Ilyas et al. *feature* as a function $f$ that
takes $x$ from the *data distribution* $(x,y) \sim \mathcal{D}$ into a real number, restricted to have
mean zero and unit variance. A feature is said to be *useful* if it has high correlation with the
label. But in the presence of an adversary Ilyas et al. *robust usefulness*,

$\mathbf{E}\left[\inf_{\|\delta\|\leq\epsilon}yf(x+\delta)\right],$

its correlation with the label while under attack. Ilyas et al.

Our search is simplified when we realize the following: non-robust features are not unique to the complex,
nonlinear models encountered in deep learning. As Ilyas et al

$f(x) = \frac{a^Tx}{\|a\|_\Sigma}\qquad \text{where} \qquad \Sigma = \mathbf{E}[xx^T] \quad
\text{and} \quad \mathbf{E}[x] = 0.$

The robust usefulness of a linear feature admits an elegant decomposition

$\mathbf{E}\left[\inf_{\|\delta\|\leq\epsilon}yf(x+\delta)\right]$

$=$

$\mathop{\mathbf{E}[yf(x)]}$

$-$

$\epsilon\frac{\|a\|_{*}}{\|a\|_{\Sigma}}$

The robust usefulness of a feature

the correlation of the feature with the label

the feature’s non-robustness

In the above equation $\|\cdot\|_*$ deontes the dual norm of $\|\cdot\|$. This decomposition gives us an instrument for visualizing any set of linear features $a_i$ in a two dimensional plot.

The elusive non-robust useful features, however, seem conspicuously absent in the above plot. Fortunately, we can construct such features by strategically combining elements of this basis.

We demonstrate two constructions:

It is surprising, thus, that the experiments of Madry et al. *do* distinguish between the non-robust useful
features generated from ensembles and containments. A succinct definition of a robust feature that peels
these two worlds apart is yet to exist, and remains an open problem for the machine learning community.

To cite Ilyas et al.’s response, please cite their
collection of responses.

**Response Summary**: The construction of explicit non-robust features is
very interesting and makes progress towards the challenge of visualizing some of
the useful non-robust features detected by our experiments. We also agree that
non-robust features arising as “distractors” is indeed not precluded by our
theoretical framework, even if it is precluded by our experiments.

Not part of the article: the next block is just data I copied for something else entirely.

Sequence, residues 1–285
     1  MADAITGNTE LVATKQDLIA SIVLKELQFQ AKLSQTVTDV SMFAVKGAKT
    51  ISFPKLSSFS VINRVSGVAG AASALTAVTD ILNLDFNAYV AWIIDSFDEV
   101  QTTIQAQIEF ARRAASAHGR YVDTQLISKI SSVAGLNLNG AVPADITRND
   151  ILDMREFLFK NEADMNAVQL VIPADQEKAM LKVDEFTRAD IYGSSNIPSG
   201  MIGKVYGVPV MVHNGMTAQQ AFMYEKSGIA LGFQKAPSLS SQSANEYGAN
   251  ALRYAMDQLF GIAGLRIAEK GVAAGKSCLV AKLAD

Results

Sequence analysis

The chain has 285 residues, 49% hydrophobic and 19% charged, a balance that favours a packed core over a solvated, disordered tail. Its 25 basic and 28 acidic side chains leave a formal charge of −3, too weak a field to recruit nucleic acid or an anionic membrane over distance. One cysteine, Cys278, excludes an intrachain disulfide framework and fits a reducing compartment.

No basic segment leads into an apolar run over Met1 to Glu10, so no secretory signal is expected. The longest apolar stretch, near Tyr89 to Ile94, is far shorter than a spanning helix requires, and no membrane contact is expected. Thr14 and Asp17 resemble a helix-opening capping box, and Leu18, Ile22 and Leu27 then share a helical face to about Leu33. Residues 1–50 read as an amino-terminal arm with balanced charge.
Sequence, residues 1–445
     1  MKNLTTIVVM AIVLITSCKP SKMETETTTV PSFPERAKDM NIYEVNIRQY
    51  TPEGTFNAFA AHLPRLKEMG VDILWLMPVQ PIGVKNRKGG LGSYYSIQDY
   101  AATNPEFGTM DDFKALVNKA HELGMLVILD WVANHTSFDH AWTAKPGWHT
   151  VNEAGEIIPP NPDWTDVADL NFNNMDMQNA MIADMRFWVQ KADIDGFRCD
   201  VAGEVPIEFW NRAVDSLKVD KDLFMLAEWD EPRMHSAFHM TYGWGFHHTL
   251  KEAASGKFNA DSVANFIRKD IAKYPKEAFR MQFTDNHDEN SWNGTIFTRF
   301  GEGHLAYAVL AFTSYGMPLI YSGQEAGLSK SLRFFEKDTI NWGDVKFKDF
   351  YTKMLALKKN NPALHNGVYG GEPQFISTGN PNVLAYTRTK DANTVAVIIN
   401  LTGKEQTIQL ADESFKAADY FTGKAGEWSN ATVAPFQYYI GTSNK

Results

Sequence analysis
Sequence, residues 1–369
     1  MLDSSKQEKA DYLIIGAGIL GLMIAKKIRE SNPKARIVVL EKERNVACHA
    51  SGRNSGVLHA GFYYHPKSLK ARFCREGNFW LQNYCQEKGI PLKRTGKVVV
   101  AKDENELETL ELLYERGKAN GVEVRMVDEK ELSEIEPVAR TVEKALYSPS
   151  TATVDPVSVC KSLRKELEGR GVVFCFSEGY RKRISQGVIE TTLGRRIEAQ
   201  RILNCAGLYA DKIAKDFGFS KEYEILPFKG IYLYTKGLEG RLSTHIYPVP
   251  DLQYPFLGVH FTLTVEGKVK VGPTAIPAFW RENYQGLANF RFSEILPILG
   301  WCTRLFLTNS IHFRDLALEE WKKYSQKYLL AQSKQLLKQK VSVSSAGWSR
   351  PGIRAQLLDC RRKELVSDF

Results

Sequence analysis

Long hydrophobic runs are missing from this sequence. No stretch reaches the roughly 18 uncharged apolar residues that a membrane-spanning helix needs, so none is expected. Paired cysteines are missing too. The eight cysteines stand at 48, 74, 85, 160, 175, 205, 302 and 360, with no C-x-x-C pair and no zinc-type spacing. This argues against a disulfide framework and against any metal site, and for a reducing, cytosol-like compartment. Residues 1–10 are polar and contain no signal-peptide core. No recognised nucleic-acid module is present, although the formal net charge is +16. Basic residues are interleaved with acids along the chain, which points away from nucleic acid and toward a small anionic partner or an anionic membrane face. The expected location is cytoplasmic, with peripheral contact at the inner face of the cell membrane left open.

This simple theoretical framework sufficed for reasoning about and
predicting the outcomes of our experiments

**Response**: These experiments (visualizing the robustness and
usefulness of different linear features) are very interesting! They both further
corroborate the existence of useful, non-robust features and make progress
towards visualizing what these non-robust features actually look like.

We also appreciate the point made by the provided construction of non-robust
features (as defined in our theoretical framework) that are combinations of
useful+robust and useless+non-robust features. Our theoretical framework indeed
enables such a scenario, even if — as the commenter already notes — our
experimental results do not. (In this sense, the experimental results and our
main takeaway are actually stronger than our theoretical
framework technically captures.) Specifically, in such a scenario, during the
construction of the $\widehat{\mathcal{D}}_{det}$ dataset, only the non-robust
and useless term of the feature would be flipped. Thus, a classifier trained on
such a dataset would associate the predictive robust feature with the
*wrong* label and would thus not generalize on the test set. In contrast,
our experiments show that classifiers trained on $\widehat{\mathcal{D}}_{det}$
do generalize.

Overall, our focus while developing our theoretical framework was on enabling us to formally describe and predict the outcomes of our experiments. As the comment points out, putting forth a theoretical framework that captures non-robust features in a very precise way is an important future research direction in itself.

You can find more responses in the main discussion article.

Shan Carter (design overhaul), Preetum (technical discussion), Chris Olah (technical discussion), Ludwig (overall feedback), Ria (feedback) Aditiya (feedback)

**Research:** Alex developed …

**Writing & Diagrams:** The text was initially drafted by…

- Adversarial examples are not bugs, they are features

Ilyas, A., Santurkar, S., Tsipras, D., Engstrom, L., Tran, B. and Madry, A., 2019. arXiv preprint arXiv:1905.02175.

If you see mistakes or want to suggest changes, please create an issue on GitHub.

Diagrams and text are licensed under Creative Commons Attribution CC-BY 4.0 with the source available on GitHub, unless noted otherwise. The figures that have been reused from other sources don’t fall under this license and can be recognized by a note in their caption: “Figure from …”.

For attribution in academic contexts, please cite this work as

Goh, "A Discussion of 'Adversarial Examples Are Not Bugs, They Are Features': Two Examples of Useful, Non-Robust Features", Distill, 2019.

BibTeX citation

@article{goh2019a, author = {Goh, Gabriel}, title = {A Discussion of 'Adversarial Examples Are Not Bugs, They Are Features': Two Examples of Useful, Non-Robust Features}, journal = {Distill}, year = {2019}, note = {https://distill.pub/2019/advex-bugs-discussion/response-3}, doi = {10.23915/distill.00019.3} }

This article is part of a discussion of the Ilyas et al. paper

Other Comments Comment by Ilyas et al.“Adversarial examples are not bugs, they are features”.You can learn more in the main discussion article .